Some additional information in one line

Several years ago, I wrote this white paper with my mentor MG Dave Scott.  We wrote it as  an early attempt to explain to I.T. professionals how to employ tactics, techniques, and procedures of the Land, Sea, and Air Domains of warfare and apply them to the Cyber Domain of war.

I recently was browsing through Linked In and saw my friends at Gradient Cyber reference Cyber Security to Navy Seals. And since SEALs fight in Land Sea and Air, the first three domains of warfare, I thought I would post something we never widely distributed in the hopes it might help I.T. professionals in some small way fight in the 5th Domain of Warfare.

While I personally (and with incredible bias) believe securing your data using a distributed database technology will positively reduce the number of data breaches at quite a large scale and be a disruptive flip of “conventional” cyber thinking, these fundamentals will still hold. So much so that we have Cyber Security Security Companies building marketplaces today on our Information Technology Sector Exchange and building strategies for minting stable coins as we speak.

I hope you enjoy both the doctrinal and operational tactics in the document. I recognize there are many ways you can accomplish a secure network. I remember my Ranger Instructor in Dahlonega (winter class) asking me why I was selected as the RTO (the guy
who carried the radio) for every patrol. I said something about my platoon liked my tactics. He promptly replied:

Ranger, tactics are like armpits, everyone has
two, and they usually stink.

While I don't profess this to be doctrinal truth, here are some tactics you might want to consider using in the 5th domain of warfare.

The eight fundamentals of cybersecurity - the building blocks of a successful defense.

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We are engaged in a global Cyber War. According to Cyber Security Ventures, it's in the range of 10 Trillion Dollars. The challenge is the sheer onslaught of attacking forces coming at your frontline defense at the speed of light while conducting asymmetric warfare tactics on your personnel and your supply chain. With the advent of A.I. and Bots automating the attacks and the readily available kits to purchase on the Dark Web - the noise amplitude on your cyber systems is unmanageable.

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The signal-to-noise ratio in new technology advances with Cyber Security makes it difficult for I.T. professionals and their C-Suite to distinguish the credibility in all the new approach claims. Unfortunately, many professional services organizations that conduct security use outdated detection technologies and confusing concierge language that confuse prospective customers. As a result, an organization may be following practices that extend incident response times; I.T. departments are falling behind the speed and diversity of today's evolving threat landscape.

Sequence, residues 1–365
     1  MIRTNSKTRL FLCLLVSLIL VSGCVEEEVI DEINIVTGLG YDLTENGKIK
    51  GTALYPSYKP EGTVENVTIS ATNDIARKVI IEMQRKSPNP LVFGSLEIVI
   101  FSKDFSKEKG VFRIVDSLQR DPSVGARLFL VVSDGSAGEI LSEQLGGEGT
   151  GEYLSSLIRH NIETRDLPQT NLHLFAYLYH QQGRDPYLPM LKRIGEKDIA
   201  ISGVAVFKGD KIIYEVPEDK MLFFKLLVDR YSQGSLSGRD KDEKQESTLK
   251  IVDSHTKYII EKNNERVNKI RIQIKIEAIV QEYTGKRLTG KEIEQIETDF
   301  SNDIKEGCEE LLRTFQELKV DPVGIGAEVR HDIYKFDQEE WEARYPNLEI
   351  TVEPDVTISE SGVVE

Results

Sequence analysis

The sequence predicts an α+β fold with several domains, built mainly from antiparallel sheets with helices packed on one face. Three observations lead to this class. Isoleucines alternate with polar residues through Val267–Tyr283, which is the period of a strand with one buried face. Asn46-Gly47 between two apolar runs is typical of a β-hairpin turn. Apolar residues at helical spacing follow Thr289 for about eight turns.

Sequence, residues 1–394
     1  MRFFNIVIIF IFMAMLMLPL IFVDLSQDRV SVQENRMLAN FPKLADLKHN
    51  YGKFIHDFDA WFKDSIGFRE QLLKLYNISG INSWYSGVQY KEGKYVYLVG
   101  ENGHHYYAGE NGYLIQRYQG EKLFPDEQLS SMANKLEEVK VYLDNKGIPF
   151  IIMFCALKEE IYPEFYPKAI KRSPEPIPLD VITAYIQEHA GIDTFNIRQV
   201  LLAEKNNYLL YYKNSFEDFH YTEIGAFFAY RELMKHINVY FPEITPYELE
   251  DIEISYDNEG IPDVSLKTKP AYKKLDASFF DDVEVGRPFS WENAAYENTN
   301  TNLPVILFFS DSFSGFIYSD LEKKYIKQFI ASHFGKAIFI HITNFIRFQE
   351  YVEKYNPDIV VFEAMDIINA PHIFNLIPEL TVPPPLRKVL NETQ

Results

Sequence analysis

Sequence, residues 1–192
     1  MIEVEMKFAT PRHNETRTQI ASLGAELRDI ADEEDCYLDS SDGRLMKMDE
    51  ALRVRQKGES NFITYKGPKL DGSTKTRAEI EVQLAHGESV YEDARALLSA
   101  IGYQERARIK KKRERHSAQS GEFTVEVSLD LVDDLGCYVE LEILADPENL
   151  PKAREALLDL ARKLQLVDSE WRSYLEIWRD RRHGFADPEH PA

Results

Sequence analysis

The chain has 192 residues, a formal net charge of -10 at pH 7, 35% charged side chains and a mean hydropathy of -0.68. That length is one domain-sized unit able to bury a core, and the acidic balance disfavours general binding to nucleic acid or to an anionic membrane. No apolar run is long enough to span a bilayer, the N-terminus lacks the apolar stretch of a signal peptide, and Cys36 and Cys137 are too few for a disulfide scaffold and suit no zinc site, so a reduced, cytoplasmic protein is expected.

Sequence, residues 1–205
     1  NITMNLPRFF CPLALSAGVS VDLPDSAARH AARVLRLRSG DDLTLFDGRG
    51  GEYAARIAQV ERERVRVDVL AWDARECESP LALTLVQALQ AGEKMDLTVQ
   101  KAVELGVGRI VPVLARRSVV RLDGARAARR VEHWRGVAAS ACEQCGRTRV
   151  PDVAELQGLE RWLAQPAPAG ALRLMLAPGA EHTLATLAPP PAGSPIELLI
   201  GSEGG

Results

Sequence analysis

Using traditional detection and alert generating appliances is not enough to combat threat actors that can bypass outdated detection measures. 66 % of attackers may use never-before-seen techniques every two months, sometimes less. The problem is that the longer an attacker is in your network and goes unnoticed, the more time they have to steal from you. In recent surveys, 77 % of attackers say their presence is rarely or never detected. 54% of the respondents say that they can complete an attack within 15 hours!

Organizations need to tackle this problem head-on by going back to the basics and following simple fundamentals that can bring a team effort to Cyber Security to augment what they already own.


Adopting concepts from the 1st, 2nd, and 3rd Domains of warfare offer both technology and strategy fundamentals for CIOs and CXOs, that aren't new. They are proven. These fundamentals come from the land, sea, and air domains of warfare. Like the other three domains, the 5th domain of warfare, Cyber, benefits from employing these fundamentals.  

There are eight fundamentals your organization can follow to preemptively block gaps in your network before the threat can exploit them. By following these fundamentals, organizations elevate their cyber situational awareness to a level that enables them to detect and respond to threats proactively and finally provide a more unified approach to Cyber Security. 

Fundamental 1: Know what you are


The ability to track and maintain hardware and software assets on your network is an operational imperative for your Cyber Defense. It helps you understand what your adversary will attack and provides valuable insight into your potential vulnerabilities. The National Vulnerability Database stores 20 years of past common vulnerabilities and exploits. Understanding the assets you own through their entire lifecycle makes financial sense. Not only will you save money by reclaiming unused licenses, but it also assists in your ability to manage vendors and contracts and even forecast budget allocations in the I.T. budget. Understanding your hardware and software allows I.T. staff to establish the level of risk in your network based on a pattern of life. Knowing the inherent pattern of life in the hardware or software helps define the risk level you have in your network.